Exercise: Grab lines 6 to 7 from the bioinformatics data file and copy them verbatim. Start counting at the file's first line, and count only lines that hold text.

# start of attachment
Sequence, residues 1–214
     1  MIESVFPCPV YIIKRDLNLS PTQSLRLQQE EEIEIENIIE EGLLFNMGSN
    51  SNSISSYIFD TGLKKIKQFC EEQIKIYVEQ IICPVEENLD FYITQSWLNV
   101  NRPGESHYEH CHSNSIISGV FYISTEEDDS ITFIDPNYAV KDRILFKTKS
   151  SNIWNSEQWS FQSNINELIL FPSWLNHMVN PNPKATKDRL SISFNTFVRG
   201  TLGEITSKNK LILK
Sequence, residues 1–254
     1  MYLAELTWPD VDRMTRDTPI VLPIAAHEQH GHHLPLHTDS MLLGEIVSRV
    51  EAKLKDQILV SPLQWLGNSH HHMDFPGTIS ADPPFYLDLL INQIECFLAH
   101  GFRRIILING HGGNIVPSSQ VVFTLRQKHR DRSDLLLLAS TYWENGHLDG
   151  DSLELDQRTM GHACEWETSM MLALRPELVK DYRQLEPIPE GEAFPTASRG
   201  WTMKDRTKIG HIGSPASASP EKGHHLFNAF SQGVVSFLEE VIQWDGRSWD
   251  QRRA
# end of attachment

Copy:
   201  TLGEITSKNK LILK
Sequence, residues 1–254